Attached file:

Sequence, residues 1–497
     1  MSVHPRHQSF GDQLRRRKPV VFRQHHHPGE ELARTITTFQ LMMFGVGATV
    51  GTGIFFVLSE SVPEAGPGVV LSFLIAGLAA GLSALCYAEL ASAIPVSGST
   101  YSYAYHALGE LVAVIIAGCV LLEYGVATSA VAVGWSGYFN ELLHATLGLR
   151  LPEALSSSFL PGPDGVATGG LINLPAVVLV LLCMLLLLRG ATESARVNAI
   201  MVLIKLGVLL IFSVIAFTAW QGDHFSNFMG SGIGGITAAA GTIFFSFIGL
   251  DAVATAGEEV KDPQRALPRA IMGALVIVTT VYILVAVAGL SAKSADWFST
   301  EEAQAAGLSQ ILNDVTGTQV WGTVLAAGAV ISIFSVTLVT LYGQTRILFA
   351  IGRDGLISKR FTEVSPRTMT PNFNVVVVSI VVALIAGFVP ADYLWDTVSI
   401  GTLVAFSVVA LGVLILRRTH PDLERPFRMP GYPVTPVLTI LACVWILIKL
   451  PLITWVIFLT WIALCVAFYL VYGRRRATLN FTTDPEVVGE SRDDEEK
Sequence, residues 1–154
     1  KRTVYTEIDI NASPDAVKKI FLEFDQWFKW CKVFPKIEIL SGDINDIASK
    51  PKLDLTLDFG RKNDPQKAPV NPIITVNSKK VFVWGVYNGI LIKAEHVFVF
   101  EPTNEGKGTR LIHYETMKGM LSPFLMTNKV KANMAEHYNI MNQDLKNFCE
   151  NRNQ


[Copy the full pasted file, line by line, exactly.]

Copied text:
Sequence, residues 1–497
     1  MSVHPRHQSF GDQLRRRKPV VFRQHHHPGE ELARTITTFQ LMMFGVGATV
    51  GTGIFFVLSE SVPEAGPGVV LSFLIAGLAA GLSALCYAEL ASAIPVSGST
   101  YSYAYHALGE LVAVIIAGCV LLEYGVATSA VAVGWSGYFN ELLHATLGLR
   151  LPEALSSSFL PGPDGVATGG LINLPAVVLV LLCMLLLLRG ATESARVNAI
   201  MVLIKLGVLL IFSVIAFTAW QGDHFSNFMG SGIGGITAAA GTIFFSFIGL
   251  DAVATAGEEV KDPQRALPRA IMGALVIVTT VYILVAVAGL SAKSADWFST
   301  EEAQAAGLSQ ILNDVTGTQV WGTVLAAGAV ISIFSVTLVT LYGQTRILFA
   351  IGRDGLISKR FTEVSPRTMT PNFNVVVVSI VVALIAGFVP ADYLWDTVSI
   401  GTLVAFSVVA LGVLILRRTH PDLERPFRMP GYPVTPVLTI LACVWILIKL
   451  PLITWVIFLT WIALCVAFYL VYGRRRATLN FTTDPEVVGE SRDDEEK
Sequence, residues 1–154
     1  KRTVYTEIDI NASPDAVKKI FLEFDQWFKW CKVFPKIEIL SGDINDIASK
    51  PKLDLTLDFG RKNDPQKAPV NPIITVNSKK VFVWGVYNGI LIKAEHVFVF
   101  EPTNEGKGTR LIHYETMKGM LSPFLMTNKV KANMAEHYNI MNQDLKNFCE
   151  NRNQ